Typically, OTD issues are NOT a process problem. They’re a frontline leadership problem. Rather than “how do we optimize the delivery process?” let us change our minds and ask a different question -- “how do we train frontline management to better recognize, interpret, and counter the myriad different daily issues they face.”
If you’re really serious about improving your OTD, there aren’t a million ways to go about it. You’re going to have to do the hard work:
- identify who are the frontline leaders in the process, and
- help them familiarize themselves with the incidents that can occur and how to deal with them.
This means first visualizing clearly what needs to be done – how can you come up with clear, visual, time markers so that everyone can see what needs to be done when.
Then, help them better see the issues they come across. Back in the day, we used very simple activity analysis sheets to look into what happens several days in a row:
The idea is not to solve every problem, but to look differently at key activities and discover what kind of hiccups they can encounter.
And then support problem-solving activities with the classic Toyota sheet:
What you need to change your mind on – and that of your colleagues – is that these sheets are not about “fixing” the process, as such, but about familiarizing frontline team leaders and managers to the kind of problems staff routinely experience and start coming up with a short list of “typical problems/typical countermeasures.”
The priority is to reveal problems so that everyone can start agreeing on both what abnormalities are and how they should be handled, maybe not in detail, but in spirit so that, in the end, we collectively get closer to 100% on-time delivery.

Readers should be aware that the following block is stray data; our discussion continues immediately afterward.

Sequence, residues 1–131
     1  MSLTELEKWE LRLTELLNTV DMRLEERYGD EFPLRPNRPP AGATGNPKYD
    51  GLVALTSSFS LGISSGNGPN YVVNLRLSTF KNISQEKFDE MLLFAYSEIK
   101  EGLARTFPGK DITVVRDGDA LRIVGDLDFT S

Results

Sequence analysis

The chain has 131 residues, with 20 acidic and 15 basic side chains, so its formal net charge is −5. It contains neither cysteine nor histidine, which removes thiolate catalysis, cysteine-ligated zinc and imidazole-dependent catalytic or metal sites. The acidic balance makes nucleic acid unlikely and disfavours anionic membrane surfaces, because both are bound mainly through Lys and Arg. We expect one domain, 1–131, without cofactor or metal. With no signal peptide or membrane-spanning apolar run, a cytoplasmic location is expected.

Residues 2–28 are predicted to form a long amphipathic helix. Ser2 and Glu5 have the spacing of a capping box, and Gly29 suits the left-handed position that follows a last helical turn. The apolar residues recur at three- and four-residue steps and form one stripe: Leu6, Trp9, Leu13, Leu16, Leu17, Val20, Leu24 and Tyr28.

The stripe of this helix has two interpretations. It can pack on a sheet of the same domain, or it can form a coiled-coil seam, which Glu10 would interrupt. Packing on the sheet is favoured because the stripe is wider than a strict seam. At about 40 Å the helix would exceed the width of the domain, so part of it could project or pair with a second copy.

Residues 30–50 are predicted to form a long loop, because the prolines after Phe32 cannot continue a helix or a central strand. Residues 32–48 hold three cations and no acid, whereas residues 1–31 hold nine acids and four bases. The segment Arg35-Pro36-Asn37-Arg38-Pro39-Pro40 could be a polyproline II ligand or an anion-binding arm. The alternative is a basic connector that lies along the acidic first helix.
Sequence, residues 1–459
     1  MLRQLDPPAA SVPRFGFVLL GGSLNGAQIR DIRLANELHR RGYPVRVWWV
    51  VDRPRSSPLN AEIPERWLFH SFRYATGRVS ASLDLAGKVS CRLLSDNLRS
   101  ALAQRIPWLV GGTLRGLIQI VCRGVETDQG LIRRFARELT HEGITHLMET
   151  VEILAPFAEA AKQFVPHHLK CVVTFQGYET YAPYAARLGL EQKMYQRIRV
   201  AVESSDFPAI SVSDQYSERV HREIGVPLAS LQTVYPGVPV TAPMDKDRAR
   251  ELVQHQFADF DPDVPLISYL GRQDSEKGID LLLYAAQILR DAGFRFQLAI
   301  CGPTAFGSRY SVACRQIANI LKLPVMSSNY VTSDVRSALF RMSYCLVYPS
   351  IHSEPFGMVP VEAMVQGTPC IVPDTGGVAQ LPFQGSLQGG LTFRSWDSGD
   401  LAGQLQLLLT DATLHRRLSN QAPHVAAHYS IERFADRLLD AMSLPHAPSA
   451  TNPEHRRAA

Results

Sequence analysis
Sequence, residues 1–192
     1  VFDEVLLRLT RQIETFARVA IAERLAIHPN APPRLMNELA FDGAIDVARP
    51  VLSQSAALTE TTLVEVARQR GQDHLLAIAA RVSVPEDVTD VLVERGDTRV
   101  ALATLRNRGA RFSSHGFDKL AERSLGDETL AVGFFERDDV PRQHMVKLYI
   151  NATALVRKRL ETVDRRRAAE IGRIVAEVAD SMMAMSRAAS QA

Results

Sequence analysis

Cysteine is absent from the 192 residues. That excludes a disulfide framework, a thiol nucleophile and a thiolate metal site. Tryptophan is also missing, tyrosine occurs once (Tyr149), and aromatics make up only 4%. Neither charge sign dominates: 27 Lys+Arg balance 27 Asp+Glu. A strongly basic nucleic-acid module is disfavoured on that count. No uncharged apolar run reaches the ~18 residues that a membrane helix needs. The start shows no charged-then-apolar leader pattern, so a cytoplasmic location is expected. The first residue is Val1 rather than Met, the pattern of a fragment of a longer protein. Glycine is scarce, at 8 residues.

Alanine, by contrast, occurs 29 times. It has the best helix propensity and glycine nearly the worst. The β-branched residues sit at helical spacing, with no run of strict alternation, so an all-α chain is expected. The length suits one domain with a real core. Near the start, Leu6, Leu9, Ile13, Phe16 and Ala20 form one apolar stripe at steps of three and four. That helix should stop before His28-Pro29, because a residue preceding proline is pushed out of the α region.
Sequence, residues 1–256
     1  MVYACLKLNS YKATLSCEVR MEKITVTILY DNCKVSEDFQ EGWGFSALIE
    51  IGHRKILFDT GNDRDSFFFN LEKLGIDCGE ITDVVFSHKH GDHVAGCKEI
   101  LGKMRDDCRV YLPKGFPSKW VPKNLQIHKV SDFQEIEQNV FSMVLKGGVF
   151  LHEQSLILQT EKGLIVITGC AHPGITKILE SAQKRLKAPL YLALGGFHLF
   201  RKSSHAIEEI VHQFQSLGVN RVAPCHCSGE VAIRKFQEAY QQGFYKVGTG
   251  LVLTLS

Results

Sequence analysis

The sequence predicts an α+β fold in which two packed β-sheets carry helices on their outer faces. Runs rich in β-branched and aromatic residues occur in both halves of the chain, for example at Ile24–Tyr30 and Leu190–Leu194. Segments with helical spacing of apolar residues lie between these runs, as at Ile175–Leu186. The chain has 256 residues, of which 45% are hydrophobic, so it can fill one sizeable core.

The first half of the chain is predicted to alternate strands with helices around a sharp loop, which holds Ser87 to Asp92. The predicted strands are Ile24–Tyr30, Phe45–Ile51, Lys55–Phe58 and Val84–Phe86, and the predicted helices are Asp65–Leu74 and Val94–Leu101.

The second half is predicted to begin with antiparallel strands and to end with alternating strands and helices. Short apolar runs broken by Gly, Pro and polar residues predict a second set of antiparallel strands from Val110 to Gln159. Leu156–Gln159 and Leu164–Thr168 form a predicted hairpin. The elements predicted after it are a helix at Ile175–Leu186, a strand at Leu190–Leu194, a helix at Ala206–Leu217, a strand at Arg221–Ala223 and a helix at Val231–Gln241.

Then by asking “why?” repeatedly, you will be able to surface the root cause of some of these problems, hopefully, solve them, and in due course, indeed, improve the process.
Progressively, if you can hold your frontline managers to a regular schedule of observing their own team’s activities and debating the right and wrong ways to react, they will start to recognize:
- When they are in a known situation (the incident is known, and a typical countermeasure is known) or when they are facing something new or out of bounds and must call for help immediately.
- What kind of leeway to give each team member in typical cases to take initiatives that help to reach 100% delivery rather than let bad things continue to happen.
- What is a clear line-of-sight for success for everyone so that every team member has a better understanding of what behaviors and reactions make the process succeed as a whole, and what hinders it.
To answer your question directly, don’t try to optimize the process. First, teach people to run it as it is and deal with the daily friction they encounter. Then, as they learn to solve problems, as “why?” to figure out which problems are truly accidents, and which are caused by our own faulty planning of resources or lack of support. At that stage, yes, you will probably end up with a new design for the process, that will emerge from everyone’s commitment and hard work and that will be implemented as you go, from everyone’s input.
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Dear Gemba Coach,
I understand that kanban is an important part of lean, but I work in an office environment, and it’s hard to see how production orders on cardboard cards relate to improving project management – what am I missing?
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When elements of lean management began to infiltrate management ranks decades ago, a “great divide” quickly formed, according to author and lean practitioner Michael Ballé. Some managers looked at it as a radically different, disruptive, but complete business system. Others saw it as a set of tools for operational excellence. The gulf endures and determines what results you get.
I read everywhere that in lean we should focus on process over results – does that mean we ignore budgets?
Dear Gemba Coach,
I read everywhere that in lean we should focus on process over results – does that mean that we need to ignore budgets altogether